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The title might be a little bit harsh but the fact is I am not a neat worker. Here is the way I went about the renovation of Ayacucho, what I had to work with and some of the near disasters. But first, here is why it all got started.

Joyce’s sister and her husband had owned this Tartan since 1982, and they offered it to us at a below-market price because they wanted to "keep it in the family". This was after they plunked down a deposit for a new Beneteau 36. I wanted no part of it because I was perfectly happy with our Catalina; it was paid for, it was in near-Bristol condition, equipped and modified just to my liking, and it was costing me next to nothing. What could be better? And besides, I knew the Tartan could use a lot of work. But I was triple-teamed over time and Joyce broke my resistance with the suggestion that I needed a project to take my mind off of work. I guess I must have been under a lot of stress because that made sense. Yeah, I should do this.

Fortunately I have the luxury of having the boat parked sixty feet from my house during the off-season. I have a small basement workshop, which, in addition to hand and power tools, is equipped with a table saw, a small metalworking lathe, and a drill press. I also have a history of having accomplished some pretty ambitious projects, such as: renovating a derelict two-family house, restoring a 1941 Lightning sailboat, designing and building a sunroom addition onto our house, and extending the length of our previous sailboat.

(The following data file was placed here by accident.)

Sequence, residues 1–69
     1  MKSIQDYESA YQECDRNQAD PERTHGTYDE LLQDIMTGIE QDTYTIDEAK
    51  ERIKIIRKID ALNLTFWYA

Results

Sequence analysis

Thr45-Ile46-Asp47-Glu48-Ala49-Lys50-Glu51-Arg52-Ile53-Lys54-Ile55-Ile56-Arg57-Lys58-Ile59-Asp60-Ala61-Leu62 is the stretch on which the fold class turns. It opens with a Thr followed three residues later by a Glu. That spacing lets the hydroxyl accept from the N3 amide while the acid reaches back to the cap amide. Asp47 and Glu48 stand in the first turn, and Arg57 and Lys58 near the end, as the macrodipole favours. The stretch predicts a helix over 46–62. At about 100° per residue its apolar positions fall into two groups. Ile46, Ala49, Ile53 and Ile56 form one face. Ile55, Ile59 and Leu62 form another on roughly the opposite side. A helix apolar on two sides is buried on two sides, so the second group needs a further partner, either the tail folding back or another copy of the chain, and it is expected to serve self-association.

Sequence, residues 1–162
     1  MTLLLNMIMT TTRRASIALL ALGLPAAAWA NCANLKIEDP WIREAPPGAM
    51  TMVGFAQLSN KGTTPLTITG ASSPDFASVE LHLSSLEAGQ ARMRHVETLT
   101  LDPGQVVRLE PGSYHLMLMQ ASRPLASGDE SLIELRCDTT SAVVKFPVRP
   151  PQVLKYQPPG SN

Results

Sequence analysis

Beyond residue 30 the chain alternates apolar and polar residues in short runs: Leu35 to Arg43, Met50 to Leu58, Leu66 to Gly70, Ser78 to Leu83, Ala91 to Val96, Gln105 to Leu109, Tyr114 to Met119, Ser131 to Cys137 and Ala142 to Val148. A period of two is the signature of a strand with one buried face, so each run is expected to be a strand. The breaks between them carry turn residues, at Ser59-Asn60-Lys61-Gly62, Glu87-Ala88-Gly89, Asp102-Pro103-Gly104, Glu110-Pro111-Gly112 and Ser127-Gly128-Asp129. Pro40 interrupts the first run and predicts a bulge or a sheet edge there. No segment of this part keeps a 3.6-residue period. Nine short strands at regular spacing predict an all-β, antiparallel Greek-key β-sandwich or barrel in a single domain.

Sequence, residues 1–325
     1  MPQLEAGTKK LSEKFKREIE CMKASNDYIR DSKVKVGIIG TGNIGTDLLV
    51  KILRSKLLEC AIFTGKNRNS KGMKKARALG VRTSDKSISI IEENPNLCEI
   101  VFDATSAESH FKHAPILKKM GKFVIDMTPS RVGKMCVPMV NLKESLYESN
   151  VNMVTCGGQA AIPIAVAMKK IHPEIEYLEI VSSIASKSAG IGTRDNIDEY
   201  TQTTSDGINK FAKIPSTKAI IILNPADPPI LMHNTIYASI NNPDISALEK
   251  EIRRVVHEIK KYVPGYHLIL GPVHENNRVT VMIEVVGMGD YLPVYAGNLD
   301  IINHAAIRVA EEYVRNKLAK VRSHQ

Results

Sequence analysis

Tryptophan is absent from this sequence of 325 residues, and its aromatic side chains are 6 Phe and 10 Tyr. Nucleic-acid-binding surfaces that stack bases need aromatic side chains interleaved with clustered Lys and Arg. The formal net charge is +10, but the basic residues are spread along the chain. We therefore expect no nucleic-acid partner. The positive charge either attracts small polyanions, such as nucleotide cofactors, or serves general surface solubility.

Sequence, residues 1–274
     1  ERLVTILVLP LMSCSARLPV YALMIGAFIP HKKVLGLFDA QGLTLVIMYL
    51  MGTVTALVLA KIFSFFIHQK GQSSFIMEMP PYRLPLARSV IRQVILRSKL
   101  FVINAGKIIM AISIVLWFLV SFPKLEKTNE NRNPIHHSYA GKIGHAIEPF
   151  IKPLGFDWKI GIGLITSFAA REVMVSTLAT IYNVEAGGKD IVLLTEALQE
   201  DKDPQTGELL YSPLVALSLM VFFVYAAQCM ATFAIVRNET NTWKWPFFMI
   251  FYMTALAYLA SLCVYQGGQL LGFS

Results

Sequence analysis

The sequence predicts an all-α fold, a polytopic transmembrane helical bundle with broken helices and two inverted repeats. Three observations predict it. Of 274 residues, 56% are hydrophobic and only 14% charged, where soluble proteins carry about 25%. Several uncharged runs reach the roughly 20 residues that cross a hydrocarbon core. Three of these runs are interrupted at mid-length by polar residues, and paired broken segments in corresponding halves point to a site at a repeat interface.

The last item probably says a lot about my character. I hated the look of the large, boxy transom of our otherwise attractive Catalina 27, so I fabricated a reverse transom for it - a fiberglass-epoxy shell layered on a thin plywood mold. It looked slick and blended into the boat so well that, as one person stated, “It looks factory.” That project also branded me as a bit of a nutcase for the shear audacity of it. I’m too cheap to hire people to do work if it is at all possible for me to do it myself – exceptions being second story or higher roofs and removing big trees. So, I have acquired a bunch of skills and I am not afraid of big projects because they may be difficult.

So, while motoring on a long windless return trip from a wonderful Maine cruise, our first voyage on the Tartan as Ayacucho, Joyce and I made a long list of projects – the tip of the iceberg. Before long we were looking at an impressive list of repairs and improvements, not to mention a huge shopping list. Hey Honey, it was your idea!

Once work got underway I became very focused on what I was doing, perhaps at the expense of good work habits, like straightening up a work area at the end of the day – nah! A lot more hours went into this project than if I had worked with any sort of attention to neatness. If I had to name one activity that took collectively the longest time it would be looking for the tool that I had in my hand no more than five minutes previously. Of course, sailboats don’t have much in the way of workspace, so I may be excused for some of my negligence. People would stop by and have a look at the progress and just be aghast at the mess, especially after the windows were removed. The boat only then started to look like a derelict.



The pressure was on to keep moving and not delay if I was to have any chance of launching in the spring – well, summer. I abdicated all household and family responsibilities and forwent many social engagements in order to work on the boat. Weekends and holidays were totally devoted to the boat. I’d work on small projects weekday evenings or do mindless work like varnishing teak items in the basement. With getting home from work around 6:30 to 7, having a cocktail or two and dinner it would be late and I was in no condition to do serious work. The stress, remember? But weekends were intense.